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Are there any differences in term of meaning between these two sentences:

  • maybe it was with the album orders which didn't get dispatched yet that's all.
  • maybe it was with the album orders which have not been dispatched yet that's all.

does the first one implied that the albums have been sent now and the second one that the order will be sent pretty soon Why past simple and not present perfect?

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Your sentence as it stands has a number of other issues, so let's consider a simpler sentence:

The album orders haven't been sent out yet.

The album orders didn't get sent out yet.

In both sentences, the orders have not been sent at the time of speaking. If you wanted, as you suggest, to say that they hadn't been sent in the past but they have been now, you'd need to say:

The album orders hadn't been sent out yet.

As for "haven't been" versus "didn't get," they are more or less interchangeable. The only differences, to my ear, are that "didn't get" (1) is slightly more informal, and (2) places slightly more emphasis on the (implied) person responsible for shipping the albums out.

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  • +1 for getting rid of the pointlessly distracting text before and after the actual construction being queried! Apr 4 '15 at 20:05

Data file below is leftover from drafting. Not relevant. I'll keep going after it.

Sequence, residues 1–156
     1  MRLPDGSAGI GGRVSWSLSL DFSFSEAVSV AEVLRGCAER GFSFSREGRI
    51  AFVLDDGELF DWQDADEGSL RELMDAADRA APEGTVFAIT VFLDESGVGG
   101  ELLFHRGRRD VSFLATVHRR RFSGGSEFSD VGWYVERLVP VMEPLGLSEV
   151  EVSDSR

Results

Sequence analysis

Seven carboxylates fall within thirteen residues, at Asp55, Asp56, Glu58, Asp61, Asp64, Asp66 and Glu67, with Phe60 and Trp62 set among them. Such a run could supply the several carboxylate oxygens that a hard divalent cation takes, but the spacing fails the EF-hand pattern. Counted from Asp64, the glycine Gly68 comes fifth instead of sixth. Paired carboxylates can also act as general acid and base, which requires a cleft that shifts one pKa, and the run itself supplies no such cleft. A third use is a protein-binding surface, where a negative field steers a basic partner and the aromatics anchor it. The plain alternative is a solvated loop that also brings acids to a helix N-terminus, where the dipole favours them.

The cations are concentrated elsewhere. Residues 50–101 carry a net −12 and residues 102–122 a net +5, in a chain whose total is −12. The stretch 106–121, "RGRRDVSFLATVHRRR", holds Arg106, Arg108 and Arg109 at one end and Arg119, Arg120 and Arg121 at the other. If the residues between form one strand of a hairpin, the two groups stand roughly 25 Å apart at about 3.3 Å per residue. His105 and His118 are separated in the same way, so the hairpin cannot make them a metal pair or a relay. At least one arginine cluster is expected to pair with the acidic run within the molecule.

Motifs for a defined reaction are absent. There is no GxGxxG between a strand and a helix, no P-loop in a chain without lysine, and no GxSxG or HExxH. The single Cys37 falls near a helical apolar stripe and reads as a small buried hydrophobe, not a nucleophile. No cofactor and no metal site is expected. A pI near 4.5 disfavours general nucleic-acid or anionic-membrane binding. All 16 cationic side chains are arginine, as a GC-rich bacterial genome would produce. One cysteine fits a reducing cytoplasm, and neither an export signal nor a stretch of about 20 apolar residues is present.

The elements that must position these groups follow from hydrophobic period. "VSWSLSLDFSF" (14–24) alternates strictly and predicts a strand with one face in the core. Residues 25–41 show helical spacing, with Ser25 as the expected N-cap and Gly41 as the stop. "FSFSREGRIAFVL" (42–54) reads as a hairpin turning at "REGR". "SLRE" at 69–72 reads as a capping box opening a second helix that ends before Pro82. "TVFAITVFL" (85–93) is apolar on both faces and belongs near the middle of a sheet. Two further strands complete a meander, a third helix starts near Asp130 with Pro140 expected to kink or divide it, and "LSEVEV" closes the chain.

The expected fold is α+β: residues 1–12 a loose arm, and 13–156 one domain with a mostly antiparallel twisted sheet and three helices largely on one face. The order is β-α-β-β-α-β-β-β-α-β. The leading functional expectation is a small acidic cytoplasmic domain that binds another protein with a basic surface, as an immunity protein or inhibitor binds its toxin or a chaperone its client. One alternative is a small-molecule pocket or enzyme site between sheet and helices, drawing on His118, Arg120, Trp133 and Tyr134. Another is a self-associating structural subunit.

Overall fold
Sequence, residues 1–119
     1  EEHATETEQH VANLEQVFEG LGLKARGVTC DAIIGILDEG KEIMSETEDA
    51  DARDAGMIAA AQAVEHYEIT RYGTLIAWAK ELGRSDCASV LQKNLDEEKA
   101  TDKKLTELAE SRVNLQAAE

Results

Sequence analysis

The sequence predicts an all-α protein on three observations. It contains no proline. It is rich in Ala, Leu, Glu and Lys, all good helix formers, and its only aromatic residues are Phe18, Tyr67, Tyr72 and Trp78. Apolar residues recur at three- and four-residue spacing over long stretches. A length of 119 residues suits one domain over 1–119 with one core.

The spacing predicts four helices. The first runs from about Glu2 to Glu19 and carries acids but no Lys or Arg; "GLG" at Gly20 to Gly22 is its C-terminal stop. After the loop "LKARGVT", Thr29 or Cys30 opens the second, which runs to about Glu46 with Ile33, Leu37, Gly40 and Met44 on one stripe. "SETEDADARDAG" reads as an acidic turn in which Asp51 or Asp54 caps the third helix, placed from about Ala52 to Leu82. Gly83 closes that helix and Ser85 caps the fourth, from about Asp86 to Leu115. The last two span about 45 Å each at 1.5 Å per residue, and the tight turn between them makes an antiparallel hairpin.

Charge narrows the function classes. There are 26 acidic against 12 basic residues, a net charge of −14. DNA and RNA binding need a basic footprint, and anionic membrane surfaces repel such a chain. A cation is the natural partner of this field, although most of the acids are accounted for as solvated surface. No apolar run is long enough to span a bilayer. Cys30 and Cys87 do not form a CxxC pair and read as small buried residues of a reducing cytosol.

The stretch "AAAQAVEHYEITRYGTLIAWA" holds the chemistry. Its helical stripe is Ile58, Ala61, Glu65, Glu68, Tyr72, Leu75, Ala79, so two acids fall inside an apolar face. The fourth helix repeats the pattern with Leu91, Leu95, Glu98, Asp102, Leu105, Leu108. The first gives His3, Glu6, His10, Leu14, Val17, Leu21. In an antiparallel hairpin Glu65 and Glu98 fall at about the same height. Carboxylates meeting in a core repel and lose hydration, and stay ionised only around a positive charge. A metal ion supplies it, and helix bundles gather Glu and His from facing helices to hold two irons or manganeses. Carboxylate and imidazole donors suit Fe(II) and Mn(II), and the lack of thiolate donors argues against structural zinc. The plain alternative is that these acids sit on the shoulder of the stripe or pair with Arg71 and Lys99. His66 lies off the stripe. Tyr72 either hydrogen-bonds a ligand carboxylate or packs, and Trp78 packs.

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I think the answer to this question depends a bit on which country you are in. chapka's answer is good and I believe it is correct in the USA. However in the UK, and using the simpler sentences from chapka's answer, you would really have to say 'The album orders haven't been sent out yet'. To my UK ears, the alternative 'The album orders didn't get sent out yet' sounds somewhat awkward, - using 'yet' in a past tense negative sentence tends to require the present perfect tense (Although I suspect that may be changing a little amongst younger people).

In grammatical terms I think the reason for preferring the 'have done' form in the UK is that the statement 'I haven't done X yet' implies a relationship to the present - because, presumably, I am still intending to do X.

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